Asbestos was commonly used in many building materials between the 1940s and the late 1980s. It generally does not pose a risk to health unless the material is broken, deteriorating or disturbed so that dust containing asbestos fibres is produced. It is recommended that all asbestos materials should be removed by a licensed asbestos removalist however it is possible to remove it yourself. More information on how to safely remove asbestos can be found in the enHealth guide Asbestos - A guide for householders and the general public.
Agencies involved in asbestos related issues
The Environmental Health Unit is responsible for controlling or managing environmental factors that have the potential to adversely affect human health, this includes asbestos issues. Some asbestos-related matters managed by local Council include:
Unsafe removal of asbestos by owners and occupiers of private dwellings;
Dumping of asbestos materials;
Complaints about asbestos materials in poor or unsafe conditions (not including workplaces); and
Community concern about removal of asbestos in the neighbourhood.
For more information on asbestos-related matters dealt with by local Council contact the Environmental Health Unit on(03) 5320 5702.
Department of Health & Human Services
The Department of Health & Human Services assists local authorities and the community with a range of asbestos-related issues including:
Information and technical advice on managing health risks associated with asbestos exposure;
Providing advice for homeowners/occupiers on ways to safely maintain or remove asbestos in the home;
Assisting EPA or WorkSafe with public health advice on asbestos-related issues; and
Assisting EPA or WorkSafe in advising the public on the potential health risks associated with asbestos in homes.
For more information on asbestos-related matters dealt with by the Department of Health & Human Services contact them on 1300 761 874 or visit the Department of Health & Human Services website.
Environment Protection Authority (EPA)
The EPA is responsible for protecting areas of the environment from the effects of waste discharges, emissions, deposits or noise for public benefit. They ensure the welfare, safety, health and aesthetic enjoyment of the environment for future generations. Asbestos-related issues that are generally managed by the EPA include:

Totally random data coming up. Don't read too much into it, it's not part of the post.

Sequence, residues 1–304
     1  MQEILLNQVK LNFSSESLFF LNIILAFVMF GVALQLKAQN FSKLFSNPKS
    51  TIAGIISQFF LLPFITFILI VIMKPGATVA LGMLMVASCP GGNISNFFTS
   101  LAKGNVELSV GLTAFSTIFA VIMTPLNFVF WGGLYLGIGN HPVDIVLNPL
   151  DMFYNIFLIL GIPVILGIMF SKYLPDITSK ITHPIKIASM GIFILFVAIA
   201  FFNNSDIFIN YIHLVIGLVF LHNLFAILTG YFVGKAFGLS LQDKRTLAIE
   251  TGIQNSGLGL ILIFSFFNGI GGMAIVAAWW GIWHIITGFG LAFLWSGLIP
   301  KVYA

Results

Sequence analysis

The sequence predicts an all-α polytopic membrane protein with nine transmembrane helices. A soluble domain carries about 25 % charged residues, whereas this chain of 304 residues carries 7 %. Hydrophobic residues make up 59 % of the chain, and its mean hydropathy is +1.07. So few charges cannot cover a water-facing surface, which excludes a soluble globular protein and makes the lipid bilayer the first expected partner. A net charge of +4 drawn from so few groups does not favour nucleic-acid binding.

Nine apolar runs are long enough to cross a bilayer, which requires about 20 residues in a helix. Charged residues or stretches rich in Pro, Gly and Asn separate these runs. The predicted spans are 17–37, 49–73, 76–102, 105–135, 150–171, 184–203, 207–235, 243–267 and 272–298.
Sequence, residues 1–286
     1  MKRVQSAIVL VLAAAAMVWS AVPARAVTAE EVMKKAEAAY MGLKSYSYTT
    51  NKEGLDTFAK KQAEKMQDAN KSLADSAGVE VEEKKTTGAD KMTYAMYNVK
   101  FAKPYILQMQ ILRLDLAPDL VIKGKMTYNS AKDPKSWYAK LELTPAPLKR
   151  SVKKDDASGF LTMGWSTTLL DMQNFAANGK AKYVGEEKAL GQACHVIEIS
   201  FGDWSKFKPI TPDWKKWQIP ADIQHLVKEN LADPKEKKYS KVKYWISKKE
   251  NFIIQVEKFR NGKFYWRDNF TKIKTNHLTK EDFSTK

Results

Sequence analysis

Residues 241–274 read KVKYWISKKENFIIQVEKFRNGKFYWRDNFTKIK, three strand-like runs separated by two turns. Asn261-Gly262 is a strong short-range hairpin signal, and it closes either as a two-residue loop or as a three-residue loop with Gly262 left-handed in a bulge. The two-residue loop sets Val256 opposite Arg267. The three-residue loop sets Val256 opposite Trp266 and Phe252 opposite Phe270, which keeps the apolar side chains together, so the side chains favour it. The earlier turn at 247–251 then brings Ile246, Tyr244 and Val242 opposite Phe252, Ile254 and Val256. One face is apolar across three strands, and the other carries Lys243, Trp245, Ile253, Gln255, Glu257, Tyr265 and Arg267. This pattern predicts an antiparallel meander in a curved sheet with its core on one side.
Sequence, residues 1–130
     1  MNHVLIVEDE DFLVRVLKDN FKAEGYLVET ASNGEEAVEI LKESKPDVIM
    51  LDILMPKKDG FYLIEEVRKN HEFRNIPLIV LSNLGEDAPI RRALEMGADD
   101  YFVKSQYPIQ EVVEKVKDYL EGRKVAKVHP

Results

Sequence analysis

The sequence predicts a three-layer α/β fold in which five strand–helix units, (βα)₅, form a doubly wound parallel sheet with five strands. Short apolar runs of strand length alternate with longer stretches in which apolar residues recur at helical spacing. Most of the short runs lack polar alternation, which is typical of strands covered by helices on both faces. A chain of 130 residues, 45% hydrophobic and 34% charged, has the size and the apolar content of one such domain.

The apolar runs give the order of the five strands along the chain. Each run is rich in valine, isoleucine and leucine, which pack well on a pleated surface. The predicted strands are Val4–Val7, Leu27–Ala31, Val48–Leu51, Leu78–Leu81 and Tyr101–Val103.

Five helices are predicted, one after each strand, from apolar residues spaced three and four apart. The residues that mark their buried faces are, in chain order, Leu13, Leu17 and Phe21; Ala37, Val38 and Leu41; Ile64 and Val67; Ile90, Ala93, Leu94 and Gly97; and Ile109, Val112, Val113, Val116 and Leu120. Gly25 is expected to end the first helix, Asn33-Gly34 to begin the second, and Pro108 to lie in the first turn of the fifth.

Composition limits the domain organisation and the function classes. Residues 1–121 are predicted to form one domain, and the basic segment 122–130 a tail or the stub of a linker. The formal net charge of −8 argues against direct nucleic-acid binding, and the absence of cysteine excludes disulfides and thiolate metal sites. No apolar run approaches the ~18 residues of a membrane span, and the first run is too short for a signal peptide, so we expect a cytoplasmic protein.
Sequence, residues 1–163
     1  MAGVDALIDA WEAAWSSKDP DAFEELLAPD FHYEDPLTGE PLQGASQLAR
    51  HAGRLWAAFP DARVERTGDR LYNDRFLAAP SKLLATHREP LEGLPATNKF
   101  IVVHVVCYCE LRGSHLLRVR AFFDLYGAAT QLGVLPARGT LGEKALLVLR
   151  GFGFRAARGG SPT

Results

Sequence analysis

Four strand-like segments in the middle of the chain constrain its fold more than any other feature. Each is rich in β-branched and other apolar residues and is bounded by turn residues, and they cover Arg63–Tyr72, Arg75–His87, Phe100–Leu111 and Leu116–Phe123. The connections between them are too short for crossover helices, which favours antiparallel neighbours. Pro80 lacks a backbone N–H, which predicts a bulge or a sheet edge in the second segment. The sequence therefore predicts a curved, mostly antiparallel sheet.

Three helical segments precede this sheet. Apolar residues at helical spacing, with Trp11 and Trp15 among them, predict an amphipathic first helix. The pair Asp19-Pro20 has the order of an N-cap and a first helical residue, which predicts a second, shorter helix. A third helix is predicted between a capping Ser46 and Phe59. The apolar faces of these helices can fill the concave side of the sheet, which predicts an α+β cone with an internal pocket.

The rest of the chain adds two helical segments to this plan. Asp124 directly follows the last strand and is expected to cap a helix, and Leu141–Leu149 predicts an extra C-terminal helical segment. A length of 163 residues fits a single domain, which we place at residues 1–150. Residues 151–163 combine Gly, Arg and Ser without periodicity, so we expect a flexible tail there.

Transportation of industrial and commercial (not domestic) asbestos waste;
Licensing of landfill sites to receive asbestos waste;
Remediation of land contaminated with asbestos; and
Correct disposal methods of asbestos-containing materials.
NOTE: The EPA does not regulate the transport of asbestos waste from domestic sources however it does require domestic asbestos waste to be taken to a licensed landfill for safe disposal.
For more information on asbestos-related matters dealt with by the Environment Protection Authority including a list of licensed asbestos disposal sites, contact the EPA on (03) 9695 2722 or visit the EPA Victoria website.
WorkSafe Victoria manages and enforces all issues associated with asbestos in the workplace. A workplace is defined as any place whether inside or outside, where employees or self-employed people work. In some circumstances a home can be defined as a workplace when a contractor has been engaged to perform work, or where it is used as a home occupation. Some asbestos-related matters managed by WorkSafe include:
The requirement to undertake asbestos risk assessments;
Asbestos removal and air monitoring within a workplace;
Asbestos removal from residential or building construction sites completed by contractors;
Complaints about asbestos in workplaces;
Off-site releases of asbestos from a workplace; and
Storage of asbestos materials.
For more information on asbestos-related matters dealt with by the Victorian WorkCover Authority including a list of licenced asbestos removalists, contact the Victorian WorkCover Authority on 1800 136 089 or visit the WorkSafe Victoria or the new Asbestos website.
Mould is a type of fungi that lives on plant and animal matter. Mould grows best in damp and poorly ventilated areas, and reproduces by making spores.
Generally, if you can see or smell mould, you need to clean up and remove the mould immediately because mould can damage what it grows on. The longer it grows the more damage it can cause.
For more information on identifying and treating mould visit the Department of Health & Human Services fact sheets - Mould and Your Health or Removing Mould at Home or contact the Department of Health & Human Services on 1300 253 942.
Note: This includes advice for those living in rental properties that are having trouble with mould.